‘Sirens and sandbags not £105k signs’

Paul Kenny with ER sign at Liquorpond Street roundabout.
Paul Kenny with ER sign at Liquorpond Street roundabout.

Former Boston mayor Paul Kenny is seeing red over new road signs installed to guide people away from floods – and says the £105,000 should have been spent on sirens and sandbags.

Mr Kenny was mayor during the 2013 tidal surge that saw large parts of Boston flooded and says the signs won’t keep homes dry, the so-called safe evacuation routes are not registered with sat-navs, and no-one can predict in advance whether those routes will be under water in the next big flood emergency.

The signs have ER in white lettering on a red background and Mr Kenny says they caused a great deal of confusion when they first appeared, with some people thinking the letters had something to do with the Queen.

He said: “I know local government has got to make savings in money, but I bet if you asked the people of Boston if they wanted sirens and sandbags or signs, more people would say spend it on sirens and sandbags.”

He’s checked more than 200 local authorities and says most use sandbags.

“East Lindsey use them, South Holland use them – all of the other districts use them but not Boston,” he said.

He believes sirens are the best warning for a flood because they give people the time to go home from work to move precious belongings upstairs – and sandbags would enable some to keep their property dry.

Mr Kenny said some residents were almost a year before they got back into their homes after the 2013 flood and lots of people lost irreplaceable belongings.

“Some people are still petrified of it happening again,” he said.

A borough council spokesman said the authority is sticking to its ‘no sandbag’ policy.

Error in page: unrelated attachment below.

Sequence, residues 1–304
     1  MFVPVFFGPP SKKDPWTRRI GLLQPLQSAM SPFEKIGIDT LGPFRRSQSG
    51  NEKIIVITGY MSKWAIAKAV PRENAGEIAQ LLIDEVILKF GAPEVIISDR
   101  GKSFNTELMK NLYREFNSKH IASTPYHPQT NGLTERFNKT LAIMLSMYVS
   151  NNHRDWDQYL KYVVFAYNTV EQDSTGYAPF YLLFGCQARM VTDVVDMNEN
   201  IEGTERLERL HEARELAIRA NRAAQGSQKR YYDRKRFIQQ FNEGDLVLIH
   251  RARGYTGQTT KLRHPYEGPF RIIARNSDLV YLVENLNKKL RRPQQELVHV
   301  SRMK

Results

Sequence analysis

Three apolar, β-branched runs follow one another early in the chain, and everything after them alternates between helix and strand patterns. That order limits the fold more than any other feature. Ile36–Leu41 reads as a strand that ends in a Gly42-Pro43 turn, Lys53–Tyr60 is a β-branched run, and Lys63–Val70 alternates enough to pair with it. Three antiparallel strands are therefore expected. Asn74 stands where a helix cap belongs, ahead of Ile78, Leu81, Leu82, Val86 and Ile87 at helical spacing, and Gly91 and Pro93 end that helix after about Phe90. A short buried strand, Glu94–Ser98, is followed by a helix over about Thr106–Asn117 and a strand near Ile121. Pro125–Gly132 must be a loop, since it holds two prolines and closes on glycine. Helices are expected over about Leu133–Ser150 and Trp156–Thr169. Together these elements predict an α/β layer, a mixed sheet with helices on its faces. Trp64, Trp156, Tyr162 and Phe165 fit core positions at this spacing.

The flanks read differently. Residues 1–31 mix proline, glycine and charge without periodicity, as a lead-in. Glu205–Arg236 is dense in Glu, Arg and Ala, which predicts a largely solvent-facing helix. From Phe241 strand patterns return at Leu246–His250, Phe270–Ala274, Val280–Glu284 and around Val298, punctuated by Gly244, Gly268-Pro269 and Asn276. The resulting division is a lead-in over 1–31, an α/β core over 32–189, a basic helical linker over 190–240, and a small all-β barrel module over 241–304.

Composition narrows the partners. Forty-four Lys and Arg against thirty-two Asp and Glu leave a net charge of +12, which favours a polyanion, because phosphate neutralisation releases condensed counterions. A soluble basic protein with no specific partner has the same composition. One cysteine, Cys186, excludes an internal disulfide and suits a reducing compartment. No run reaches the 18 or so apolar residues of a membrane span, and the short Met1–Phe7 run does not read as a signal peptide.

He said: “You must, of course, give consideration to the £2,125,928.45 of Government cash spent on properties in Boston since the 2013 flood on flood resilience measures – flood resistant external doors, one-way sewage and foul water valves and flood resistant air brick covers. And the Boston Barrier is on schedule – dramatically increasing flood protection from the sea.”

David Powell, head of emergency planning at Lincolnshire County Council, said: “The devastating floods back in 2013 proved that coastal flooding still represents a serious risk to the east coast of Lincolnshire.

“Following this the emergency services agreed that evacuation routes would help lead people to safety, and allow them to focus on those in danger.

“In the event of a serious flood we strongly advise local residents and tourists to follow the signs.

“This is about protecting lives and the local economy.”

“The flood siren in Boston was decommissioned because it used old technology which was no longer reliable.

“We decided not to replace it as sirens can cause panic – they don’t tell people what to do or where to go. It also would have been very expensive to maintain.

You can find out more about the signs and sign up to Environment Agency flood alerts online at www.lincolnshire.gov.uk/lincolnshire-prepared/